#formatDEN: Audiences, realities and goats in hats

 

Goat. In. A. Hat.

Recurring themes in journalism conferences I’ve been following (and sometimes attended) this year are:

  • Try innovating, not imitating (aka don’t be Buzzfeed-lite)
  • Everyone is a reporter, so be a curator and editor
  • Don’t be scared of failing
  • Get developers coding in the newsroom

At FormatDEN this week, these were raised but so were some others…

TELL IT LIKE IT IS
This was a takeaway from Trushar Barot, Mobile Editor (editorial/product/partnerships) with the BBC. I really enjoy listening to Trushar, he’s incredibly smart, very business-minded and asks tough questions (I sat on an innovation judging panel with him once and he cut straight to the woolly bits of the business case)
His talk on messenger apps and BBC approaches was excellent and I especially liked his thoughts around the real practicalities of using WhatsApp for UGC sourcing.

His view on culture change is to find people who are passionate and excited by change, and put them in charge of digital projects, rather than having the digital experts leading on them.
His view was that showing someone a shiny that would make their job easier, wider adoption of would follow.
But he is also an exponent of treating people as adults, telling them realities and drawing their attention to what is happening in the wider world – to the successes of other competitors, to the successes of their counterparts with said competitor, and by pointing out how skills are changing, and to be relevant and required in a business, individuals have to change too. “And that works as well,” he finished.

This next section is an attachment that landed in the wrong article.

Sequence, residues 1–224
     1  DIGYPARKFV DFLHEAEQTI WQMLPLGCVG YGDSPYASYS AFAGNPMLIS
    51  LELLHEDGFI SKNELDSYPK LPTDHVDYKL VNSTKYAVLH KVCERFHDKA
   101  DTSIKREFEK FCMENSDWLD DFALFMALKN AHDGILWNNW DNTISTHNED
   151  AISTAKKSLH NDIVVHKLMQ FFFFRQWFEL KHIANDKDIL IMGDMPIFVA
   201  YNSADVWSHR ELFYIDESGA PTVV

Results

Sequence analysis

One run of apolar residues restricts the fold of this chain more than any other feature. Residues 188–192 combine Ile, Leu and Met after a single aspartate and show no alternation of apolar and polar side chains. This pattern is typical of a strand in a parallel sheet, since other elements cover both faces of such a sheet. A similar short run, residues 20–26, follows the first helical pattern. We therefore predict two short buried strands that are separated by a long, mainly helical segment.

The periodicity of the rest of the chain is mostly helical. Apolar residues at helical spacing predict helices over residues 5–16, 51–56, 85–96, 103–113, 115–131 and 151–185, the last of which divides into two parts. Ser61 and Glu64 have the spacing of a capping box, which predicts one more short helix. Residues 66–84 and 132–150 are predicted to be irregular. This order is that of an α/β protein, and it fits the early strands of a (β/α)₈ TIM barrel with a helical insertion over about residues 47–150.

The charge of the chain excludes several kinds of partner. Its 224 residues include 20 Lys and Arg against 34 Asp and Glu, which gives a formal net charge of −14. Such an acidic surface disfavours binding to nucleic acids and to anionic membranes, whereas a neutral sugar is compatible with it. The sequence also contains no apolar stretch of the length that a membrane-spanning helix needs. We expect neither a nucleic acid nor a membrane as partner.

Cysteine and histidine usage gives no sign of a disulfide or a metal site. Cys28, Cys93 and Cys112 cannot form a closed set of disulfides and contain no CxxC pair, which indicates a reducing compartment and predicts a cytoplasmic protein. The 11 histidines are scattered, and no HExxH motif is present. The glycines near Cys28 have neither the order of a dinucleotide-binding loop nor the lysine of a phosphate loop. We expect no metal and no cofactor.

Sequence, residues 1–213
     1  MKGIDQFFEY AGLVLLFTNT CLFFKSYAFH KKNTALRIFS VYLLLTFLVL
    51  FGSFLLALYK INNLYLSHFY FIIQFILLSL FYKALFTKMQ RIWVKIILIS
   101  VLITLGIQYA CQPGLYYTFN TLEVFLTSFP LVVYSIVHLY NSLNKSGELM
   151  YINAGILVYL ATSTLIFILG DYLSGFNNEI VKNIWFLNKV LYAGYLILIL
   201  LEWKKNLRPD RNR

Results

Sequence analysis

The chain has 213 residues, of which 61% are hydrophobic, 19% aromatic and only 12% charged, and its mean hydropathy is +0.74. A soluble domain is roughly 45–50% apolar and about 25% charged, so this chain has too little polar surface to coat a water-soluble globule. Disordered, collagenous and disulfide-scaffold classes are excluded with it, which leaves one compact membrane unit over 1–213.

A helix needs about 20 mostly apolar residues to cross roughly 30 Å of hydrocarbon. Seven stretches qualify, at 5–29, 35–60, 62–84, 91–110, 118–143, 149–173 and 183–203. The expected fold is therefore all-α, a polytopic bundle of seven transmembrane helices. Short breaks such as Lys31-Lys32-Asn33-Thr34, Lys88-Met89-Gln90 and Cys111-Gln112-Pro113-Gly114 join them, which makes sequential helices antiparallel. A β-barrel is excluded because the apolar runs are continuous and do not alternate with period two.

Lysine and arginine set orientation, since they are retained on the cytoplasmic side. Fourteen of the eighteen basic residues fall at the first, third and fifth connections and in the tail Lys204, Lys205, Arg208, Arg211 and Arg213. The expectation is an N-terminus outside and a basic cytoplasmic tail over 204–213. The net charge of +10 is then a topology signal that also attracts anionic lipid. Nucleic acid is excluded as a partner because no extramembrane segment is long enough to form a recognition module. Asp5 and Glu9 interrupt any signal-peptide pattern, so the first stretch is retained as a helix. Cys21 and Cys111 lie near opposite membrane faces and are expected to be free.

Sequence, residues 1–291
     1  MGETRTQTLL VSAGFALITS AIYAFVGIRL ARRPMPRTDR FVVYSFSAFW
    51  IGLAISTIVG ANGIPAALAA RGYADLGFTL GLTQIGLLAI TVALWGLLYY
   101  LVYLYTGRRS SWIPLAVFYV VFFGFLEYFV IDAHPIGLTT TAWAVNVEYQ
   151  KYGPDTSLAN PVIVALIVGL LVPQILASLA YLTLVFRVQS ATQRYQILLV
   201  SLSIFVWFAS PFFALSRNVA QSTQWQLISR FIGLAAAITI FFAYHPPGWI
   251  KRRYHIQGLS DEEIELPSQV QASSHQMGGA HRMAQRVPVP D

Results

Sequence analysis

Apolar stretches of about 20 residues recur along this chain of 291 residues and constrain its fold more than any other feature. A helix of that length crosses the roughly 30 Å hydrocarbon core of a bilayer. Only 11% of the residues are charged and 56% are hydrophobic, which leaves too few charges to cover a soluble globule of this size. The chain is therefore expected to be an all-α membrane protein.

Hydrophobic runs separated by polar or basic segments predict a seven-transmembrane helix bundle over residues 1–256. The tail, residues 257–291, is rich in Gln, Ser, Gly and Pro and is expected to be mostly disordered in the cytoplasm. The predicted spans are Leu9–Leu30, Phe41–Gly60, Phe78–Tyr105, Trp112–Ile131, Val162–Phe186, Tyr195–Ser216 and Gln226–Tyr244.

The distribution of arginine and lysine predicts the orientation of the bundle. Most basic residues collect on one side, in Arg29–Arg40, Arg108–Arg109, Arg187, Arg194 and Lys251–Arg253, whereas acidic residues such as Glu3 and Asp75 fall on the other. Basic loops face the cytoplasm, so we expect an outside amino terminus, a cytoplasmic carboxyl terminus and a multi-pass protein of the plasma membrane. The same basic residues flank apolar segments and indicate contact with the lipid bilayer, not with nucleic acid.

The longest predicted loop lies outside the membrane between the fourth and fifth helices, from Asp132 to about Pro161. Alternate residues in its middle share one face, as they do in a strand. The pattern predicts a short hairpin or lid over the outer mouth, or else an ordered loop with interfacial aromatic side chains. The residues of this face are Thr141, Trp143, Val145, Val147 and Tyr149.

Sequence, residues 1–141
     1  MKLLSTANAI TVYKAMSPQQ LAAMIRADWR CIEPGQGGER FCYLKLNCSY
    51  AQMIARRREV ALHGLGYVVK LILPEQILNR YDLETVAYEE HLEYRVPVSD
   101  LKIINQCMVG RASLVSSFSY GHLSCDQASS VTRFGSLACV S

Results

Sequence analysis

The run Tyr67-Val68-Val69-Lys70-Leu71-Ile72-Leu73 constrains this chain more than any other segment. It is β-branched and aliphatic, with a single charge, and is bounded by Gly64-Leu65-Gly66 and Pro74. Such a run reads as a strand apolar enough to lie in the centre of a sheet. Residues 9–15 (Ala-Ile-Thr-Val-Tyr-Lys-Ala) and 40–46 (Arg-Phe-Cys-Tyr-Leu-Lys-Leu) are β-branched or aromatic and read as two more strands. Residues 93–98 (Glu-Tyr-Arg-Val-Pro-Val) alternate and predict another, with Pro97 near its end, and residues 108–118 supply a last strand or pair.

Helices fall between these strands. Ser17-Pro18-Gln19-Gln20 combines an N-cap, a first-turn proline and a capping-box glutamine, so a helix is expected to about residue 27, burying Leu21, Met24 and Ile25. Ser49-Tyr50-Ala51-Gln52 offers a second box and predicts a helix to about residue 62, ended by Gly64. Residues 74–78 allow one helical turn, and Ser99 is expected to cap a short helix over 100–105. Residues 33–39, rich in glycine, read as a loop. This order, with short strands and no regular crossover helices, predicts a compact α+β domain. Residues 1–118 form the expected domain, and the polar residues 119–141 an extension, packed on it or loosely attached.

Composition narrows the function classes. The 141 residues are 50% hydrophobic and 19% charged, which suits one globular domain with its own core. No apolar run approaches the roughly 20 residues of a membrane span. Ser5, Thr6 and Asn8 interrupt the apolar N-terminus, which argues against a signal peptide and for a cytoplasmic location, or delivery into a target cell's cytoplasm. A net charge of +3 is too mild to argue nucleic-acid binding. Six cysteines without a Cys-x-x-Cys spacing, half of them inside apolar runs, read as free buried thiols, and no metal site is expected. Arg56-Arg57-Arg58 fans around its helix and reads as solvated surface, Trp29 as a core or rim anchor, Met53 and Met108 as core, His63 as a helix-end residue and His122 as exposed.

Trushar shared a Google Doc of relevant BBC links too. They’re here.

Two other takeaways from this talk, for me:
Working on messaging apps is a way of grasping what content could work on these platforms. It also is an indicator how we engage an audience in what will be, I think, the next disruptive stage in the news industry. We’re going to have to shift from ‘open social’ distribution method to a ‘one-to-many’ distribution approach. We will be less visible, but perhaps the content will have greater value, and impact.
The other thought I had: Is it a good investment of time to work lots on apps if people are – within a few years – going to have moved beyond them and into opt-in receivers rather than seekers of information? The answer is yes, I guess; what else are we going to do?

WHAT ARE YOUR VALUE METRICS?

Juan Senor, a journalism consultant, visiting Oxford Fellow and academic, said page views weren’t the metric to trust (side point: Our metrics-that-matter at Trinity Mirror shifted to dwell time. pages per user and completion rates a while ago) but also had a suck-the-air-out-of-the-room moment when he said social metrics didn’t count either.
“Good journalism will always be shareable” he said, saying there was a need to move from the “anarchy of the mob and the idiocy of the mob”.